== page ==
I don’t think the United States will ever become a post-racial society. The main reason why individuals have become accustomed to stereotyping is because of the things that are taught at a very young age. Above is a an example of an everyday stereotype. It all started with pregnant females. At their baby showers they would either have pink if they were expecting a female or blue if they were expecting a male. Ever since we were kids we have been taught to identify females with the color pink and males with the color blue. Then we wonder why it is so hard for males to wear pink without having to worry about what others think?
When Barack Obama was elected President in 2008, many people believed that the United States would finally live up to their name of “freedom and equality”. Though that would have been a positive change for society, stereotyping and categorizing did not come to an end. Stereotyping has become more and more common, especially through digital networks like Youtube, Tumblr, or other sites..
[Verse 3: Nas]
Yeah, our history, black history, no president ever did sh*t for me
Had to hit the streets, had to flip some keys so a ni**a won’t go broke
Then they put us in jail, now a nigga can’t go vote
Rappers Young Jeezy and Nas made a song praising President Barack Obama but attempting to put down previous presidents. They give out the notion that the only reason they are going to succeed now is because their President is Barack Obama and black(hence the title)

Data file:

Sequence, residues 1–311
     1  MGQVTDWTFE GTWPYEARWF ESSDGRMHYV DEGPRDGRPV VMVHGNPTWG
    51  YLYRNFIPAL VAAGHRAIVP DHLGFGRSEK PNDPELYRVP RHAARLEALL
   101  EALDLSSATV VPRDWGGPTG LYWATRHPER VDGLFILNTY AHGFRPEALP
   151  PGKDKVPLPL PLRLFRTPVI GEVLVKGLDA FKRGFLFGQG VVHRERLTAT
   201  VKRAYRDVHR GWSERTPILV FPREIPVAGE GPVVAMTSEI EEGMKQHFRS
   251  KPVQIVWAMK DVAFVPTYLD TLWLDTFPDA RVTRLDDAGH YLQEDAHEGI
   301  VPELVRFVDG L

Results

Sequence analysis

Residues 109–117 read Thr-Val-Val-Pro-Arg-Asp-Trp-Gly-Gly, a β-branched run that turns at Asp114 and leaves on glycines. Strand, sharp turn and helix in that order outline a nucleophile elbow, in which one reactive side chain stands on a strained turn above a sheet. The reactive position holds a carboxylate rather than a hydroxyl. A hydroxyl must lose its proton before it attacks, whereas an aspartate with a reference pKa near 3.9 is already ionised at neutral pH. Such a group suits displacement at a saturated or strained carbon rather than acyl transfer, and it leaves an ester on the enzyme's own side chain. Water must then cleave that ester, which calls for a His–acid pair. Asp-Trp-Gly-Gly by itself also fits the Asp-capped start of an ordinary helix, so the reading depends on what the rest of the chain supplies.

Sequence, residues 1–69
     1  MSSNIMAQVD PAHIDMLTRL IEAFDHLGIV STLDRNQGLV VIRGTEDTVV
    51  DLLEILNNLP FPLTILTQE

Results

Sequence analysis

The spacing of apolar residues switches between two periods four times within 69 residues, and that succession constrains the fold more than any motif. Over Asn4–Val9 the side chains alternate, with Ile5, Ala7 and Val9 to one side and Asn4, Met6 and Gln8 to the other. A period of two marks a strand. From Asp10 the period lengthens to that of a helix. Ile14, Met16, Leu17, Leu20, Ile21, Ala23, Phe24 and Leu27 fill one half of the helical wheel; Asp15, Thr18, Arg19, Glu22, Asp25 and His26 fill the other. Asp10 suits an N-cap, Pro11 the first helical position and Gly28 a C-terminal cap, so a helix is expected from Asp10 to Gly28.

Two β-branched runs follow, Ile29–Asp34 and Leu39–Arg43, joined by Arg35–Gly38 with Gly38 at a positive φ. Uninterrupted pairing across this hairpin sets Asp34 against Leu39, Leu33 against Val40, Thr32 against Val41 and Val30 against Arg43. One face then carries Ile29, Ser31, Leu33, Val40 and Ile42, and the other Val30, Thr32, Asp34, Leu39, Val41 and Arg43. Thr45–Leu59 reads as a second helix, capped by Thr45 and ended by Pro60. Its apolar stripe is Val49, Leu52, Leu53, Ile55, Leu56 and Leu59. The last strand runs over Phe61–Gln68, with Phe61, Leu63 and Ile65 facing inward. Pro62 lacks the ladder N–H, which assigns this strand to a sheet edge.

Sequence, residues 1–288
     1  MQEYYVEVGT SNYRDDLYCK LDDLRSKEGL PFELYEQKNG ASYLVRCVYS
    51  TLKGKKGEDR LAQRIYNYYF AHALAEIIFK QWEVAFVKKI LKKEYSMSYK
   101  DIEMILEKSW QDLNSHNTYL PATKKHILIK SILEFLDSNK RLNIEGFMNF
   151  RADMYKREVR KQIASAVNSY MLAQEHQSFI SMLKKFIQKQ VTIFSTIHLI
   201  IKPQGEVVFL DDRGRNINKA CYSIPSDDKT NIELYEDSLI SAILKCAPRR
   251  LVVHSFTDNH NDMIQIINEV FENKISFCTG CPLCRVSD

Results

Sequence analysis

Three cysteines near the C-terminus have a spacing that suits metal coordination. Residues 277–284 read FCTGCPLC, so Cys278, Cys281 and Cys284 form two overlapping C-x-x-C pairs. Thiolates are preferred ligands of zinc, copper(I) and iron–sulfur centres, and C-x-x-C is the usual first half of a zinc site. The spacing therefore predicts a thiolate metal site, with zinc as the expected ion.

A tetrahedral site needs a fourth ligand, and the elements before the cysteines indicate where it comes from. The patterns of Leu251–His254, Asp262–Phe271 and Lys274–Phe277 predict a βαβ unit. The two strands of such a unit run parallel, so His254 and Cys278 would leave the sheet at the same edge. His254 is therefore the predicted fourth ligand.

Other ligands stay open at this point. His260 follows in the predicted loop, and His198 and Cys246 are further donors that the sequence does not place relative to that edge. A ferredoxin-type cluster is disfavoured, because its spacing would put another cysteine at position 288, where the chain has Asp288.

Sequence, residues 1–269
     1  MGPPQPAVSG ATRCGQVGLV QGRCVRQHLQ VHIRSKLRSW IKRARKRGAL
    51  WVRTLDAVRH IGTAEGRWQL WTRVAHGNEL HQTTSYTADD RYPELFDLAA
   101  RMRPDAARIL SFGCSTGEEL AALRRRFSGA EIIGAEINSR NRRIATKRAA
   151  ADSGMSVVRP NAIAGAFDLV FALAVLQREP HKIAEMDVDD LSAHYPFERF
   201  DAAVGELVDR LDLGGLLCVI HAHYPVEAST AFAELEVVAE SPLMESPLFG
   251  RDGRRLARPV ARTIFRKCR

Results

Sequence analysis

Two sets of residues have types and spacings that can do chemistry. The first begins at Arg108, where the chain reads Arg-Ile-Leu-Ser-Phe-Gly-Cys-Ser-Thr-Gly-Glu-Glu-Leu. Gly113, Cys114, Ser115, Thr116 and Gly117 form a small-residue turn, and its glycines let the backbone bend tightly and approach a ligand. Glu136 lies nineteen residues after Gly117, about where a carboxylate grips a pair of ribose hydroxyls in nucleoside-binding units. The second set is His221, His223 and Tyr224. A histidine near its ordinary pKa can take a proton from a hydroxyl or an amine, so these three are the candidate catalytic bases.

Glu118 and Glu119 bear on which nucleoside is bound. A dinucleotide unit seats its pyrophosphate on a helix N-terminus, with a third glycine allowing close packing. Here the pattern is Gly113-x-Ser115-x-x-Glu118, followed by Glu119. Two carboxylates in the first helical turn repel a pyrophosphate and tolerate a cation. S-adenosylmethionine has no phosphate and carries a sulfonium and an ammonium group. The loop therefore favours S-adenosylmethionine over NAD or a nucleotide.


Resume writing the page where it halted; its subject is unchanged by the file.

In Tourre’s “Forty Million Ways to be Black” he describes his way of thinking of blackness. He argues that if there are forty million black people then there are forty million ways to be black.
“I would like, through this book, to attack and destroy the idea that there is a correct or legitimate way of doing Blackness. If there’s a right way then there must be a wrong way, and that kind of thinking cuts us off from exploring the full potential of Black humanity.”
Just as there are forty million ways to be black, there is also millions of way to be different. Every time I meet someone new they always know I’m hispanic. They also always assume that I’m Mexican or Central American. As Tourre explains, there is no right way to be black or “hispanic” or any race. Though it can be upsetting, disturbing or just the truth of past experiences, digital networks offer an opportunity for individuals to share their opinions. Most opinions are shared through music, memes, blogs or just expressing their thoughts on the internet. All in all, this is the way some people practice their “freedom of speech”.